DETROIT -- An offensive barrage that featured a pair of two-run home runs from Howie Kendrick and a three-run shot from Albert Pujols — career homer No. 497 — was impressive and, it turns out, necessary for the Angels, who made things far too interesting by throwing an incendiary device by the name of Josh Wall into the proceedings Friday night.
Far more important in the big picture, though, was the Jered Weaver-like performance the Angels got from their ace, who shook off a trio of shaky starts with a superb six-inning, one-run, three-hit effort in an 11-6 win over the Detroit Tigers at Comerica Park.
Weaver showed better command of his fastball and kept the Tigers off balance by mixing his curve and changeup effectively. Of his 100 pitches, 66 were strikes, including a full-count, 78-mph changeup to whiff cleanup batter Victor Martinez with two on to end the third inning, preserving a 4-1 lead.
Weaver struck out three, walked three and induced 12 fly-ball outs to earn his first win and help the Angels extend their win streak over the Tigers to 10 dating to September 2012. The Angels have outscored Detroit, 69-28, during that stretch.
"He's a big part of our team, he's been our ace for five years, and when he goes out there and does that, it sets the tone for the rest of the rotation," Kendrick said. "I've played with him for a long time, going back to Class-A ball, and when he keeps the ball down and mixes his pitches, that's when he's most effective."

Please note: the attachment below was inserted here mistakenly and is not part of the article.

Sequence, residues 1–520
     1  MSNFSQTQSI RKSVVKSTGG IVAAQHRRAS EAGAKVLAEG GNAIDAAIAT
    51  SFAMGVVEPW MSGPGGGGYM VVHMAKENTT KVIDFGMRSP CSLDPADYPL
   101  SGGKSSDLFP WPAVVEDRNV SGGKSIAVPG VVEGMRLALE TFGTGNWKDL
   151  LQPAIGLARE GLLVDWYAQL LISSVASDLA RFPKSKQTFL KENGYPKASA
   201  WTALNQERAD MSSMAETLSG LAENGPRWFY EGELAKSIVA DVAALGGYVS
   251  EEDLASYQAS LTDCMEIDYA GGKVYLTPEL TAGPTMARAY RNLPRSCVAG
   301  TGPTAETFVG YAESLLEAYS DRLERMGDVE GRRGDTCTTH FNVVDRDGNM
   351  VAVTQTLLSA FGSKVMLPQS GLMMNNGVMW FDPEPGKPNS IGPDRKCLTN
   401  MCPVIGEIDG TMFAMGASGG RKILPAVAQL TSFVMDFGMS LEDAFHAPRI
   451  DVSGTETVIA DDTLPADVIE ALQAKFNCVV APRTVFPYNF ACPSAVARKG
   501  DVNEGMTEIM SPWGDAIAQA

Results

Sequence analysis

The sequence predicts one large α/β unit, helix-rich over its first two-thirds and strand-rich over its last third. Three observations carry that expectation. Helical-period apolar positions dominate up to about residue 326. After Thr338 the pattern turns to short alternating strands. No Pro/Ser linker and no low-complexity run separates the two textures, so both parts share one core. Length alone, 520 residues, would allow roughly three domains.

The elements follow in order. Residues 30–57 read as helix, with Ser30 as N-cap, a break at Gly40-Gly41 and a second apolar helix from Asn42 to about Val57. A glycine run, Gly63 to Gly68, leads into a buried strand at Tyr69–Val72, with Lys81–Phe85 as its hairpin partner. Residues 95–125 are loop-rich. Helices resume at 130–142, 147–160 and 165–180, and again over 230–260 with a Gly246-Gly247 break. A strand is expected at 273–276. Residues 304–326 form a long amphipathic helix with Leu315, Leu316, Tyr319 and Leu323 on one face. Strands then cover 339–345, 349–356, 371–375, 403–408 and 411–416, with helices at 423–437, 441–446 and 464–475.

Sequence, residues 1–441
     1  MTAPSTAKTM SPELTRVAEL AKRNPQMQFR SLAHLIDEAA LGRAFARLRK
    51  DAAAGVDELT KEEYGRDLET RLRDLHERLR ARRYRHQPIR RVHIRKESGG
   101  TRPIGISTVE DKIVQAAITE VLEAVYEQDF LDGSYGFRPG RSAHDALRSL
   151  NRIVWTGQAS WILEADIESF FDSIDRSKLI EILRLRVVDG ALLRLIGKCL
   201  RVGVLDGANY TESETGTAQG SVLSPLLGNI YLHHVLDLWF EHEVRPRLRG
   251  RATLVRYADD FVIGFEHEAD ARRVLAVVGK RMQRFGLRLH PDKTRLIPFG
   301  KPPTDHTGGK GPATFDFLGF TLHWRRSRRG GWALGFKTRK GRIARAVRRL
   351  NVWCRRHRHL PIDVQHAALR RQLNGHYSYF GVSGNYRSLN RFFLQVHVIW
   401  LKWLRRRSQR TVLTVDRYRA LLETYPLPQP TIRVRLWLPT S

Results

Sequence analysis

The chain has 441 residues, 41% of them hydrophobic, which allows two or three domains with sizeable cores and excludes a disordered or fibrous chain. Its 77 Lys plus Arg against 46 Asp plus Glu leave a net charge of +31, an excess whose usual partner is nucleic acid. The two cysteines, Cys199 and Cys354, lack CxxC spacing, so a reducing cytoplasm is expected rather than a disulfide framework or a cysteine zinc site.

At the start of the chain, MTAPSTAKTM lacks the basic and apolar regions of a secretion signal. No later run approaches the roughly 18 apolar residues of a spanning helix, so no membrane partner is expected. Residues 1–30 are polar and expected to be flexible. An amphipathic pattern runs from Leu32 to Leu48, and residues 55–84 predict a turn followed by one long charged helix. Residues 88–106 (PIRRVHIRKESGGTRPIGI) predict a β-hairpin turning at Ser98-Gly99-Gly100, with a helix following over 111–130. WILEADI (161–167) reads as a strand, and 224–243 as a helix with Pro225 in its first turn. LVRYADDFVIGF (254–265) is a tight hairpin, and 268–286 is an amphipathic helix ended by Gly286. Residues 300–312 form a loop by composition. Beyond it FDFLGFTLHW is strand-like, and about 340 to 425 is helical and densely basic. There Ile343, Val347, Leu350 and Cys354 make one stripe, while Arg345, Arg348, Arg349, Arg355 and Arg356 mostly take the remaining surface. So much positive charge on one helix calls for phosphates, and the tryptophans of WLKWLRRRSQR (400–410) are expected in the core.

Weaver was not very effective in his first three starts. Not only was the right-hander 0-2 with a 5.79 earned-run average, he seemed agitated — at himself for his lack of command, at his bullpen's failure to hold leads, at Manager Mike Scioscia for pulling him too soon from his last start.
After many of his pitches in a 7-4 loss to Houston on April 6, Weaver jerked his head toward the right-field corner in disgust. His body language seemed as out of whack as his ball-strike ratio in last Saturday's no-decision against the New York Mets, when only 50 of his 99 pitches were strikes.
There was speculation that Weaver, who had periodic bouts with tendinitis from 2011 to 2013, was hurt, but thanks to intensive work with a physical therapist who has helped break down the scar tissue in his shoulder, his arm feels better now than it has in years.
There were the usual concerns about his lack of velocity, but Weaver's fastball has sat in the 85- to 87-mph range this season, only a tick off from 2012, when he went 20-5 with a 2.81 ERA.
"I think his timing was a little off," pitching coach Mike Butcher said. "He worked some kinks out this winter — he's a lot more flexible than he was in the past — and he's getting stronger with his legs. Now he's trying to get all those things moving together, and part of that is timing.
"But we had a good bullpen session the other day, and he's getting into sync. He's definitely moving in the right direction, and we want him to keep moving in the right direction so he feels good about himself."
Weaver, who sat out seven weeks of the 2013 season because of a broken left elbow, said his body tightened up "a little earlier than anticipated" on a chilly 55-degree evening.
But a four-run fourth inning, which featured Mike Trout's two-run double and Kendrick's two-run homer, plus Pujols' sixth-inning homer, helped give the Angels an 11-1 lead.
"The boys came out and scored some early runs, which was awesome," Weaver said. "I was able to settle in. I felt like I threw the ball fairly well. The changeup was good. I was able to locate to both sides of the plate. … Hopefully, I'll build off this one, get that winning mentality back and go out and throw the ball well."